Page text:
Category Archives: Uncategorized

An audio dataset and IPython notebook for training a convolutional neural network to distinguish the sound of foosball goals from other noises using TensorFlow

So I was looking into ways to process and build machine learning models to work with audio data. Here is a beautiful article by humblesoftwaredev to do the same. ūüôā Do read.

humblesoftwaredev

tl;dr:

fooshttps://github.com/dk1027/ConvolutionalNeuralNetOnFoosballSounds
IPython notebook: CNN on Foosball sounds.ipynb
Trained CNN model using TensorFlow: model.ckpt
Pickled Pandas dataframe: full_dataset_44100.pickle

Abstract

I setup mics at the foosball table and recorded a few hours of foosball games. The audio files were labelled by hand and then segmented into one-second clips of goals / other noises. Mel spectrograms were created from the clips and about 200 samples were created and used for training, testing, and validation, resulting in 5% error on test data.

Data collection and labelling

I used a Zoom H5 XY stereo mic, a Shure SM57, and a few other mics for recording. Each mic had its own characteristic and they were placed at different locations around the table, for instance, pointing close to a goalie, high above the table pointing downward, or from one side of the table pointing at a goalie at the far side. There might be enough differences…

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A Dramatic Tour through Python’s Data Visualization Landscape (including ggplot and Altair)

Regress to Impress

Why Even Try, Man?


I¬†recently came upon Brian Granger and Jake VanderPlas‚Äôs Altair, a promising young visualization library. Altair seems well-suited to addressing Python‚Äôs ggplot envy, and its tie-in with JavaScript‚Äôs Vega-Lite grammar means that as the latter develops new functionality (e.g., tooltips and zooming), Altair benefits ‚ÄĒ seemingly for free!

Indeed, I was so impressed by Altair that the original thesis of my post was going to be: ‚ÄúYo, use Altair.‚ÄĚ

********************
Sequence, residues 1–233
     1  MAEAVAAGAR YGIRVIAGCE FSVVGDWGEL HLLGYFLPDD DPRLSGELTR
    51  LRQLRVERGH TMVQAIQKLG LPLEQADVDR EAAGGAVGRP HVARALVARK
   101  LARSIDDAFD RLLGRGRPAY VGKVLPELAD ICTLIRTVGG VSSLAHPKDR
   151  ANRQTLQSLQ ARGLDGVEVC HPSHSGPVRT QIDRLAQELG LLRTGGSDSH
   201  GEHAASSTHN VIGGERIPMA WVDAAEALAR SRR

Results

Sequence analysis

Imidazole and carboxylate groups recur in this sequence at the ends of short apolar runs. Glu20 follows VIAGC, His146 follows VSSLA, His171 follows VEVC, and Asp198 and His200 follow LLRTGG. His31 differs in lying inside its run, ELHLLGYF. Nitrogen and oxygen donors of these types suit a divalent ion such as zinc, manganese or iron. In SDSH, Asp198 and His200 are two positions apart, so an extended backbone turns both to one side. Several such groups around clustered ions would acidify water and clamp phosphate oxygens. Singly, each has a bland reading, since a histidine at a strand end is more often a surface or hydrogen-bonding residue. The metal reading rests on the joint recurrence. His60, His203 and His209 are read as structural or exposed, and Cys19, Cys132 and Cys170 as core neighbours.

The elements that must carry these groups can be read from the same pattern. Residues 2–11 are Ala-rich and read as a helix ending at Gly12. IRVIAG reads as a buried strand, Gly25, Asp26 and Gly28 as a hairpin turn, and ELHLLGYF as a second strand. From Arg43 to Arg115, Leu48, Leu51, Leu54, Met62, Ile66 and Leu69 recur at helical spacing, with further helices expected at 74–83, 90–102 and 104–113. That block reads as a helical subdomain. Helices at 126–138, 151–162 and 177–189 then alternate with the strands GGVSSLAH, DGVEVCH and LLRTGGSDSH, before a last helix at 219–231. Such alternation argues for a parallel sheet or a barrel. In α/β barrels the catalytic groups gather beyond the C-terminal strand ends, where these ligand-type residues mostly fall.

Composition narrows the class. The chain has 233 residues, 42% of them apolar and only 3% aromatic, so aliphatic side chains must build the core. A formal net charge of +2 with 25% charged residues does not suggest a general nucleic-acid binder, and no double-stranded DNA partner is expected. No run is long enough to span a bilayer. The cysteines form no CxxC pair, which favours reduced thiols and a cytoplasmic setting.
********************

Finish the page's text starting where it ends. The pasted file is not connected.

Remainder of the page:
But then I began ruminating on my own Pythonic visualization habits, and ‚ÄĒ in a painful moment of self-reflection ‚ÄĒ realized I‚Äôm all over the place: I use a hodgepodge of tools and disjointed techniques depending on the task at hand (usually whichever library I first used to accomplish that task1).

This is no good. As the old saying goes:¬†‚ÄúThe unexamined plot is not worth exporting to aPNG.‚Ä̬†

Thus, I’m using my discovery…

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I’m Back.

Tumblr_ma0mn8e8y11rwn32n.gif

Hey guys, Its been so long since I last posted anything on this blog of mine. Honestly, I had every intensions of continuing to blog, but I just got caught up with life. So, here I’m Back.¬†The main intension of starting this blog was to share what I learnt from my projects and my learning with others, which in a way helped me understand better. I had started learning python with an intension to learn about machine learning and hence named the blog,¬†pythonformachinelearning.¬†One of the reasons I figured I wasn’t able to contribute to the blog, was the disconnect I had between my full time job learnings and python, especially machine learning. I still use python for my day to day work as a pretentious data scientist, and in product development/management while integrating the insights and methods into developing marketing technology products at Sokrati.Inc. I really missed blogging and sharing what I learnt everyday, but the niche name of my blog kept me at bay. So, today I decided to rename my blog to python for everything lazy. I intend to make it a place where I share small insights and ways of using python, like I do, for getting the mundane things done.

I didn’t really miss blogging though.

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Laters. ūüôā